The United Grand Lodge of England decided to break its relationship with it because of “irregularity”.
In 1894, the Central Grand Lodge became fully independent of the Supreme Council of France. It changed its name and became the Grand Lodge of France, an independent Masonic body, managing the AASR blue lodges, continuing the Regular French Masonry.
Confusion, ignorance and misunderstanding
The system of the Rite has always been very important for French Freemasons. A new rite was growing at the end of the 19th Century : The “Rectified Scottish Rite”, a remnant of the “Strict Templar Observance”. Edouard de Ribaucourt and friends of him decided to re-build the “Centre des Amis” Lodge, practicing this rite, under the auspices of the Grand Orient of France. This Masonic rite is exclusively Christian. The Grand Orient of France was engaged in the way of secularism. The open Bible of this lodge was seen as a misunderstanding by the visitors from other Grand Orient of France Lodges.
With the help of the Duke of Connaught, Grand Master of the United Grand Lodge of England the “Centre des Amis” Lodge proclaimed itself as a new Grand Lodge : The Independent and Regular Grand Lodge for France and Colonies. This new Grand Lodge was automatically recognized by the United Grand Lodge of England, despite its creation by only one lodge. The “L’Anglaise” Lodge joined this new masonic body.
In 1955 the Grand Lodge of France adopted a declaration of principles which read :
– I – The Grand Lodge of France works to the Glory 0f The Grand Architect Of The Universe 1 .
– II – In conformity with the traditions of the Order, three Great Lights are placed on the altar of the Lodges: the Square, the Compasses and a Volume of the Sacred Law2 . Masons take their Obligations on these three Lights
– III – The Grand Lodge of France proclaims its unfailing loyalty and total devotion to our Country.
– IV – Neither the Grand Lodge of France nor its constituent Lodges shall meddle in matters of political or religious controversy. For the education of Brethren, it is permitted to present talks on these matters followed by exchanges of views. However, debates on such issues shall not be followed by a ballot or the adoption of resolutions liable to compel the opinions and feelings of certain Brethren3 .
– V – Concerning principles other than those defined above, the Grand Lodge of France refers to the Old Charges, especially with regard to the respect of the traditions of Freemasonry and to the scrupulous and strict practice of Ritual and Symbolism as means of access to the initiatic content of the Order.
This declaration of principles is always true. At this time, the Grand Lodge of France recognizes Prince Hall Masonry.
After the World War II, the “Independent and regular Grand Lodge for France and Colonies” changed its name to the French National Grand Lodge (GLNF). Members of the GLNF do not have the right to visit other French Masonic Bodies. The GLNF has always been seen as a French subsidiary of the United Grand Lodge of England.
In 1958, Pierre de Ribaucourt, Edouard de Ribaucourt’s son, 30 Grand Officers of the GLNF and the lodges “Les Philadelphes” and the famous “Le Centre des Amis”, created a new Grand Lodge : The “French National Grand Lodge – Opera”. The main objective of this new Grand Lodge was to re-establish fraternal relationships with the other French Masonic Bodies, and to create a regular and recognized Masonic body “where French is the main language”. To avoid confusion with the other GLNF, the GLNF-Opera- changed its name in 1982 to the “Traditional And Symbolical Grand Lodge” (GLTS or GLTSO). Few members of the GLTS decided to restore the Ancient rituals. They founded the “National French Lodge”, using the old motto “God is our Guide”.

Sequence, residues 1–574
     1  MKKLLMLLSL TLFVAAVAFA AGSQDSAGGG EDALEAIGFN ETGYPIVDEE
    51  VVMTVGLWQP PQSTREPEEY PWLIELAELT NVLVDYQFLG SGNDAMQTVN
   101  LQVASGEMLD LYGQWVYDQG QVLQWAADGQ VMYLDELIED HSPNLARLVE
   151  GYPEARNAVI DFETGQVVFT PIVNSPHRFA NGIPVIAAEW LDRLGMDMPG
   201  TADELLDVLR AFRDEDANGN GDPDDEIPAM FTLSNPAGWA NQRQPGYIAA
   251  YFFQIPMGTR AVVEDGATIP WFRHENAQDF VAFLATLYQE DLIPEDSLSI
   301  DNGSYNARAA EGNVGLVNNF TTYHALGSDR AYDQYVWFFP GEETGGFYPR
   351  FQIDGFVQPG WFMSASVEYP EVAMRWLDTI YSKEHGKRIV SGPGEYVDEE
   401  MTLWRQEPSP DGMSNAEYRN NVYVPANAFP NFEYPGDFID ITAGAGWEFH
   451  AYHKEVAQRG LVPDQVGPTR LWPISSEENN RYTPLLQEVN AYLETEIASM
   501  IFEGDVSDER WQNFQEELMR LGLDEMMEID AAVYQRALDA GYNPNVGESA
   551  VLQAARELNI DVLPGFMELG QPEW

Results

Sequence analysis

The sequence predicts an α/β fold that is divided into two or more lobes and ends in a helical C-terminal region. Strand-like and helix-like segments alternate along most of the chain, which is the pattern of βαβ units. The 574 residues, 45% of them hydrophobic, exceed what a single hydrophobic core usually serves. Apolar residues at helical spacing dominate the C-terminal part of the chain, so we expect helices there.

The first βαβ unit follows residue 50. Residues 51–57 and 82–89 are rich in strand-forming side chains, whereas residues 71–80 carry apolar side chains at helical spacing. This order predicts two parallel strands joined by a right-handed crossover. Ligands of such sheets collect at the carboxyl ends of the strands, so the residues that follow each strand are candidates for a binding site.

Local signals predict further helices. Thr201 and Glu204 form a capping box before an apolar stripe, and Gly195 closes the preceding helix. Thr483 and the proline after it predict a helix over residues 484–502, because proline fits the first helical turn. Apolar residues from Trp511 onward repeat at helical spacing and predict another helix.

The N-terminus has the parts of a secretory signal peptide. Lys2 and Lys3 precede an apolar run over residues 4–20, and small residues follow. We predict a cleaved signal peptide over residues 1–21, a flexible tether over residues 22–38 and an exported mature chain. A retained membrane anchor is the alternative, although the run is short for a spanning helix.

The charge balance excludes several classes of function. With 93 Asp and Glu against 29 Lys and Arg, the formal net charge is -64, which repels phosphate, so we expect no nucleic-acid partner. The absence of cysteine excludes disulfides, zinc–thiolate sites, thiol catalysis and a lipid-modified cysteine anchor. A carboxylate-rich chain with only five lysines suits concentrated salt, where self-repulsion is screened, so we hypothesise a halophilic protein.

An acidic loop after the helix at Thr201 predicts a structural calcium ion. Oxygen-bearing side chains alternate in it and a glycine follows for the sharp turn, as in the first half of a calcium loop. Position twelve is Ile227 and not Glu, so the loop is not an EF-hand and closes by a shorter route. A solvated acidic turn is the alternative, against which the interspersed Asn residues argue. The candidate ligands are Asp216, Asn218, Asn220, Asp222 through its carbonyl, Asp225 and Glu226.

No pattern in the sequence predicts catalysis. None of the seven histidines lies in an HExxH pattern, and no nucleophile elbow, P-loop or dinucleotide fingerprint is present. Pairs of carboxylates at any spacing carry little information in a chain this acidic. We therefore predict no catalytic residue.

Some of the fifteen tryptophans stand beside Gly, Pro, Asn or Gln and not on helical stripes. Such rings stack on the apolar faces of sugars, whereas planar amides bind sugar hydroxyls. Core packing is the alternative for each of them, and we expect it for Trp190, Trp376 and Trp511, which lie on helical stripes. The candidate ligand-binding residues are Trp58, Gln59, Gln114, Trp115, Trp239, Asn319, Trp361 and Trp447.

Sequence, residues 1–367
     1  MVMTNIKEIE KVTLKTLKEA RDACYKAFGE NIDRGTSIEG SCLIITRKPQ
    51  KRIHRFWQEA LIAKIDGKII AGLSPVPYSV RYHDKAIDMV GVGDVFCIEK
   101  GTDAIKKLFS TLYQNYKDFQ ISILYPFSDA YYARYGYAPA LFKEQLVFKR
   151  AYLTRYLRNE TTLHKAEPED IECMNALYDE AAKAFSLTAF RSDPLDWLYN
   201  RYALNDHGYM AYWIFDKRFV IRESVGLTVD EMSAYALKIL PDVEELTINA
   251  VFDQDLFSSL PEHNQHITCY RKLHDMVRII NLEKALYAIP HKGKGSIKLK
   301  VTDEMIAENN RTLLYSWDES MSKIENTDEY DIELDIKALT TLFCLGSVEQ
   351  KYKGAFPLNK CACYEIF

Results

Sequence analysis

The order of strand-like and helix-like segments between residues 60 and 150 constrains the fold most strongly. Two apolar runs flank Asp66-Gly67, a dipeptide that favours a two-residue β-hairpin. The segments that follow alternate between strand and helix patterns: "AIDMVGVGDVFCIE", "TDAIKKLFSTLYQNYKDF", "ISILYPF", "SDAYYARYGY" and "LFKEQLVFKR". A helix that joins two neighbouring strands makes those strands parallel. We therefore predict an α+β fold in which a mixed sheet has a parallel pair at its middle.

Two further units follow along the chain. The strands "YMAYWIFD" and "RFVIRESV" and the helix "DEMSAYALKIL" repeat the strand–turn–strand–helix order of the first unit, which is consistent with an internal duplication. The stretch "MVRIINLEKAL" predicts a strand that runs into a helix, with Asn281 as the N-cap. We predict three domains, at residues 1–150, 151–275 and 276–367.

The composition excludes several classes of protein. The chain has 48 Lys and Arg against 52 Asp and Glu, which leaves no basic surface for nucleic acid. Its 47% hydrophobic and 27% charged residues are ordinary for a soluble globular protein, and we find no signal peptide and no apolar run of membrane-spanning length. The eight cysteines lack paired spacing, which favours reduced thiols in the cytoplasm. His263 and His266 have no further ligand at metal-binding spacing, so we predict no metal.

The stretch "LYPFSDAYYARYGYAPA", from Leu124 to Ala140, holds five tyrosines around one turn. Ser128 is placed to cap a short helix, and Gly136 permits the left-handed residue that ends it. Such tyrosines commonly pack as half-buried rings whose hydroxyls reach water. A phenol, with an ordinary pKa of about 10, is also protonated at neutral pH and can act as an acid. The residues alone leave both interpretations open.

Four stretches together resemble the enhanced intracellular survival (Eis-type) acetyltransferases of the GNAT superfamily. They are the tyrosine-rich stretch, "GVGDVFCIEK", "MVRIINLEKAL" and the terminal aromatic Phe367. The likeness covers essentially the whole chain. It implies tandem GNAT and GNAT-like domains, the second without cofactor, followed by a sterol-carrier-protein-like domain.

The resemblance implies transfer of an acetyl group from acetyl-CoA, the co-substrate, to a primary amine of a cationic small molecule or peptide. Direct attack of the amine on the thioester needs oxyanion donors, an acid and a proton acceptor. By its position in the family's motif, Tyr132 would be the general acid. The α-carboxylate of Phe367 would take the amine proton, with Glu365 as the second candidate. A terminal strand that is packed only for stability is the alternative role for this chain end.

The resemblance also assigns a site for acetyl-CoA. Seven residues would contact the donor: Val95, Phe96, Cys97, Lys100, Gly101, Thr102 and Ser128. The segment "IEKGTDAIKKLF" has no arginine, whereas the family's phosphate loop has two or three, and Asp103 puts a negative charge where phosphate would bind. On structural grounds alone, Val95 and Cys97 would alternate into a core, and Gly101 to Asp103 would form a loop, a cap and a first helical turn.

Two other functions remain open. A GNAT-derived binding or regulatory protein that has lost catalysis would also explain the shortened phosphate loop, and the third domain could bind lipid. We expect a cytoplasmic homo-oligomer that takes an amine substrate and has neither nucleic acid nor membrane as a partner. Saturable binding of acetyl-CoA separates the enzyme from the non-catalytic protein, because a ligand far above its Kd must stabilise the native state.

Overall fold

In 1994, some regular masons of the French National Grand Lodges decided to found a Rectified Scottish Rite Grand Lodge, including a Great Priory. They founded the Rectified and Reformed Scottish Grand Lodge of Occitania, based on the 1782 masonic rule of the Scottish Lodges. They splitted the organization in 3 independant bodies : The Grand Lodge, for St John Lodges, the Directory for St Andrew Lodges and the Great Priory for the “Benevolent Knights of the Holy City”.
There has been lots of tensions in the GLNF end of 90’s. Some brothers, to escape some these ones, created the Regular Grand Lodge of France, with the exactly same GLNF rules.
Regular French Freemasonry Today…
The Traditional and Symbolical Grand Lodge and the Grand Lodge of France founded in 1999 the “Confederation of the United Grand Lodges of Europe”, with the hope of establishing fraternal relationships with all Regular Grand Lodges in Europe (Cf. The Plumbline, Vol. 8, Nr 2, Summer 2000, by Robert G. Davis, 33º). Treaty of amity and/or amity exists between most of these regular masonic bodies.
As evidence of its regularity, the Grand Lodge of Minnesota and other US grand lodges (including PH Grand Lodges) have decided to re-recognize the Grand Lodge of France, despite the presence of the GLNF Grand Officers during US conferences. The GLNF attempts to obstruct GLDF recognition (Cf. “From the desk”, April 2001 issue, The Philalethe Society. See also the Paul M. Bessel’s website about French recognition by DC).
At least six French Masonic bodies are “regular” regarding the United Grand Lodge of England’s Landmarks. They are the Grand Lodge of France (GLDF – 1894), the National French Grand Lodges (GLNF – 1913), the Traditional and Symbolical Grand Lodge (GLTS – 1958), the French National Lodge (LNF – 1968), the Rectified and Reformed Scottish Grand Lodge of Occitania (1995) and the Regular Grand Lodge of France (2001) ).
With Internet, all regular Masonic bodies are being known worldwide. French regularity has always existed and slowly, other regular Masonic bodies are recognizing them. A “miracle” really happened in 1738.